Four to 10 years after the successful eradication of the Norway rat (Rattus norvegicus) from three islands of the Sept–Îles Archipelago and one in the Molène Archipelago (Brittany, France), the abundance index of the lesser white-toothed shrew (Crocidura suaveolens) increased by factors of 7–25, depending on the island and the year. Moreover, in the same region, the abundance index of the greater white-toothed shrew (Crocidura russula) on Tomé Island increased by factors of 9 and 17, one and two years after the Norway rat eradication, respectively.
The maximum variation of the abundance index for the lesser white-toothed shrew during seven years on the rat-free island of Béniguet in the same region was a factor of only 2.5. Moreover, the distribution of the lesser white-toothed shrew on Bono island, restricted before the eradication to two steep areas with few rats, increased and encompassed virtually the entire island four years after rats disappeared.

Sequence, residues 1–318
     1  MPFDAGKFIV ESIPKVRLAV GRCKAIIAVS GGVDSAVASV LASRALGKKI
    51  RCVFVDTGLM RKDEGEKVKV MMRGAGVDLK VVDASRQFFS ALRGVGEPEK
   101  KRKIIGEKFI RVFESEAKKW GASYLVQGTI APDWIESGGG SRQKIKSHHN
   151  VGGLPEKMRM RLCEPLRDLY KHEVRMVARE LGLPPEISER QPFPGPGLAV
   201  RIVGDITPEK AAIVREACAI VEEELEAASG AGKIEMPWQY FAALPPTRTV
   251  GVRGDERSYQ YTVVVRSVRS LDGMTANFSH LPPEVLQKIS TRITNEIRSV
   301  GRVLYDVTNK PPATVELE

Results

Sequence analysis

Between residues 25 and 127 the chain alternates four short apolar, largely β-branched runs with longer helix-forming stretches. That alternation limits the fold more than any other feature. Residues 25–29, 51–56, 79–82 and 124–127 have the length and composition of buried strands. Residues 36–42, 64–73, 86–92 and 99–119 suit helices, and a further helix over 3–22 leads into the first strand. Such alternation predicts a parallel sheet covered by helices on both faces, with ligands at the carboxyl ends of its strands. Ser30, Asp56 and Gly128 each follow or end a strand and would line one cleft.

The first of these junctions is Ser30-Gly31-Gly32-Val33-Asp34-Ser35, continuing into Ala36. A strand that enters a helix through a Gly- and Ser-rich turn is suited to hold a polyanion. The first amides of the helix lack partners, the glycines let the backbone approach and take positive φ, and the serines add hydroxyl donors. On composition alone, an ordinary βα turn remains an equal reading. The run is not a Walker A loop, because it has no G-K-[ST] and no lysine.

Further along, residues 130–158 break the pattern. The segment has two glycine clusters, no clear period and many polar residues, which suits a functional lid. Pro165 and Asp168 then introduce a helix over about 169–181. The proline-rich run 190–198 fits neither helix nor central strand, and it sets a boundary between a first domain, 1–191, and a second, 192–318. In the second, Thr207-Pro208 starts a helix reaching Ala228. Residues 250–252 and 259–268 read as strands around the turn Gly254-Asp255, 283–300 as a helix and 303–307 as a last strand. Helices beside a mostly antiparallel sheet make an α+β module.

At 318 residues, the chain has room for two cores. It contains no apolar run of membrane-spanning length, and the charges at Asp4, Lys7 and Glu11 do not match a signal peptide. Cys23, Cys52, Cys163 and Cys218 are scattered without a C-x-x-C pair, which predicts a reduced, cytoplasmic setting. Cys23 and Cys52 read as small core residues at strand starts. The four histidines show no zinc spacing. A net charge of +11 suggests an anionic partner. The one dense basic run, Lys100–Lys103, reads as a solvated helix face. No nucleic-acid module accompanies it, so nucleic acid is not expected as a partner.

These results suggest strong detrimental interactions between the introduced Norway rat and the two Crocidura shrew species on temperate oceanic islands. However, our data do not indicate the ecological mechanisms at work in these interactions.
The main reason this shrew recovery was detected after rat eradication was the inclusion in the eradication protocol of the evaluation of impacts on the local biota of eliminating alien species. The rigor of the sampling procedure was also crucial to this discovery. This example demonstrates that an eradication operation can be extremely useful for both scientists and managers if it is planned as a research project.